Candace De Taeye

Candace De Taeye’s poetry has been published in Grain Magazine, CV2, Carousel, Echolocation, and Joypuke. Her first chapbook, Roe, was published by PSGuelph in 2015. Her debut full-length collection, Small Planes and the Dead Fathers of Lovers, was published by Vocamus Press in 2016.

For the last 11 years she has worked during the day, and more frequently at night, as a Paramedic in downtown Toronto. She lives in Guelph with her husband, two young sons, two dogs, two cats, four elderly tree-frogs and a very large tortoise.

Small Planes and the Dead Fathers of Lovers

Candace de Taeye’s debut full-length collection of poetry explores with wit and sincerity ideas of family, relationship, and home. Beginning with poems of movement and travel, the book develops diverse and wide-ranging meditations on what it means to be at home in a place, to grow into it, and then also eventually to leave it.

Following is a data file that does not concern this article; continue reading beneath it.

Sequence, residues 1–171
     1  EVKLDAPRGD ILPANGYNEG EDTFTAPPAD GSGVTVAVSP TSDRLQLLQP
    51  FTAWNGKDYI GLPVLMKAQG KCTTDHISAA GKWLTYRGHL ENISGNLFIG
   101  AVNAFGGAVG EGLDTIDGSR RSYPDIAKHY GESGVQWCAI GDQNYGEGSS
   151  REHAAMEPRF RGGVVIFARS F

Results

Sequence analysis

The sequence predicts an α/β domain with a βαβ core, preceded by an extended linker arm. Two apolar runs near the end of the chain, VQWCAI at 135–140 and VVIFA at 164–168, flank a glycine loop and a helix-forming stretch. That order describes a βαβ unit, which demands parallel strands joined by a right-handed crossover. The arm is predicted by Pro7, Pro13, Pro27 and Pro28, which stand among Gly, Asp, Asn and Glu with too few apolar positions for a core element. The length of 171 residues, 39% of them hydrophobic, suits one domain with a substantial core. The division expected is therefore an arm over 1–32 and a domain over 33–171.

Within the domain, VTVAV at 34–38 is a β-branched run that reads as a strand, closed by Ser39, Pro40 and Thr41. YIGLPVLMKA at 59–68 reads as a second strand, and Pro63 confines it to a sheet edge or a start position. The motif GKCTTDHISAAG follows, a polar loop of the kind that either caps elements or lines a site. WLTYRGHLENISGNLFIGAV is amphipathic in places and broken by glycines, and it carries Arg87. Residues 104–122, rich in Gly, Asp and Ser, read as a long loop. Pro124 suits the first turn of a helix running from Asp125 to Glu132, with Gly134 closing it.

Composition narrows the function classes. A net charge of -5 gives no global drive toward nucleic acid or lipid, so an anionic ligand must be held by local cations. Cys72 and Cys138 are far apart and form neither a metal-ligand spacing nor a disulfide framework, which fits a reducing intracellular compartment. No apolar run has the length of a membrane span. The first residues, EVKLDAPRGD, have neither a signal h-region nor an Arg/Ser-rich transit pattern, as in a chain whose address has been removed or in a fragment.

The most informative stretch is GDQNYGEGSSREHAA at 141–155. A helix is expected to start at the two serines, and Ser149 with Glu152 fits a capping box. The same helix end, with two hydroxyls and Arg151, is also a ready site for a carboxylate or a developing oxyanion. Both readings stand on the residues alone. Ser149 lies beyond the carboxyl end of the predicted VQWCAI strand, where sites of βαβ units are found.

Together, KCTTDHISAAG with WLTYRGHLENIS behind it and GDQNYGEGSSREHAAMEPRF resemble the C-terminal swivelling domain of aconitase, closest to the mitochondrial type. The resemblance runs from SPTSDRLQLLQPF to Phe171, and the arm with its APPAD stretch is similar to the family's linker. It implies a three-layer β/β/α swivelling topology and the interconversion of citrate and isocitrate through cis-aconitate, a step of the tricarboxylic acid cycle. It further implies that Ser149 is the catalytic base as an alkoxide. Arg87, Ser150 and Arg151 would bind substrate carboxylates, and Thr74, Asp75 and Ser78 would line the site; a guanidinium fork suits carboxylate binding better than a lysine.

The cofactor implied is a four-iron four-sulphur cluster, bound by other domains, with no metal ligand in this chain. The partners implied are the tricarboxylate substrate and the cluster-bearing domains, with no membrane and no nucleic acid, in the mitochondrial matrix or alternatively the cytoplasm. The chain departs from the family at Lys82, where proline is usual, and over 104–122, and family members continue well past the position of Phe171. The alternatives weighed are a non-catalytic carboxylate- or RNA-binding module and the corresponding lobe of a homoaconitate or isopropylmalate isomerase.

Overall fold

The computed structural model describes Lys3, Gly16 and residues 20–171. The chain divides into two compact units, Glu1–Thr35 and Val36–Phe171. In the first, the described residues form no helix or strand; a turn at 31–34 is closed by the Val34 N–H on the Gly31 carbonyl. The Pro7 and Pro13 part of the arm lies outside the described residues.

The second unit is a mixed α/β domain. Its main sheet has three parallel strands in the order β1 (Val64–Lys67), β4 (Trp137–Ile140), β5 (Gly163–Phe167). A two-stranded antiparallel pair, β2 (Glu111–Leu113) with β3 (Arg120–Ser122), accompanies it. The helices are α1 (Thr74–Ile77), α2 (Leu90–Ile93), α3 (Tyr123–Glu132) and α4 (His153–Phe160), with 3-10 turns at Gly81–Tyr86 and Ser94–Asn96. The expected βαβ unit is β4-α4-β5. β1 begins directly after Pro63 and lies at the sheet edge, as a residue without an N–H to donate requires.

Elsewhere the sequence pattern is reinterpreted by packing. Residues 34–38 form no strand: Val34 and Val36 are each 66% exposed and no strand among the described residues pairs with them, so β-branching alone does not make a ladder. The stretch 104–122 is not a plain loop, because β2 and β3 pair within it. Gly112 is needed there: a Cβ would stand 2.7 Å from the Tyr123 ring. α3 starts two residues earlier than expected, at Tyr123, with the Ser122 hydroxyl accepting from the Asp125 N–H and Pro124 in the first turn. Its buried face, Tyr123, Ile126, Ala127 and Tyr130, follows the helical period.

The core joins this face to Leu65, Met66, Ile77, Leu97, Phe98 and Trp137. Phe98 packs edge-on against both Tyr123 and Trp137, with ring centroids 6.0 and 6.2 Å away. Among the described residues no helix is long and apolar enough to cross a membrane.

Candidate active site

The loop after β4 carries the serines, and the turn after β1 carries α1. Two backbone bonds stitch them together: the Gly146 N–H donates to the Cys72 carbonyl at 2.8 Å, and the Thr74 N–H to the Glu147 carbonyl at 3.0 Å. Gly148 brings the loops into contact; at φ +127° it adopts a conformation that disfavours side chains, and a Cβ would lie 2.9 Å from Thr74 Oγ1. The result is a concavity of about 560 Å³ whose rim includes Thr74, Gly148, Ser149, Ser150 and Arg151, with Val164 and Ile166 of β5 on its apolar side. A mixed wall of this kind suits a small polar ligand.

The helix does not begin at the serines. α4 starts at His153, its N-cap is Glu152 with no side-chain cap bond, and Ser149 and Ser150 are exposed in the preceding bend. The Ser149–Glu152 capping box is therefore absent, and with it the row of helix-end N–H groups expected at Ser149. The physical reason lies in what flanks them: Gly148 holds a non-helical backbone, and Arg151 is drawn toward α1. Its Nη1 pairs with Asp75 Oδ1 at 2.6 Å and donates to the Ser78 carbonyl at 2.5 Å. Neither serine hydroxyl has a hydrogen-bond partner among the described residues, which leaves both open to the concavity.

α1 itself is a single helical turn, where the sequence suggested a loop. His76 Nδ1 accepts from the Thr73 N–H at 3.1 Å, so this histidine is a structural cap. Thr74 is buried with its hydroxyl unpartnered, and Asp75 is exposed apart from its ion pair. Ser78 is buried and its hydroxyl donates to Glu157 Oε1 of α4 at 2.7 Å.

The poetry itself makes full use of the physical page, occupying each corner and making itself comfortable there, visually paralleling the process of being at home that it describes. The imagery moves by pairing seemingly disconnected ideas, strangers to one another, and then coaxing their more subtle connections into visibility, mirroring the way that the collection represents human relationships.

The result is a book that provokes reflection on our uncertain contemporary experience of home and relationship in ways that readers will find both emotionally and intellectually compelling.

– an interview with Candace de Taeye by Sheri Doyle on Friends of Vocamus Press
– a review by Zane Koss on The Bookshelf


The poems in Canadace’s collection, Roe, are spawned in ecological language and swim through a host of transformations. Her writing features sisters becoming brothers and women becoming mothers, as well as the annual salmon run. The poems, addressed to de Taeye’s young son, tow the reader along smells, streams, and smelt.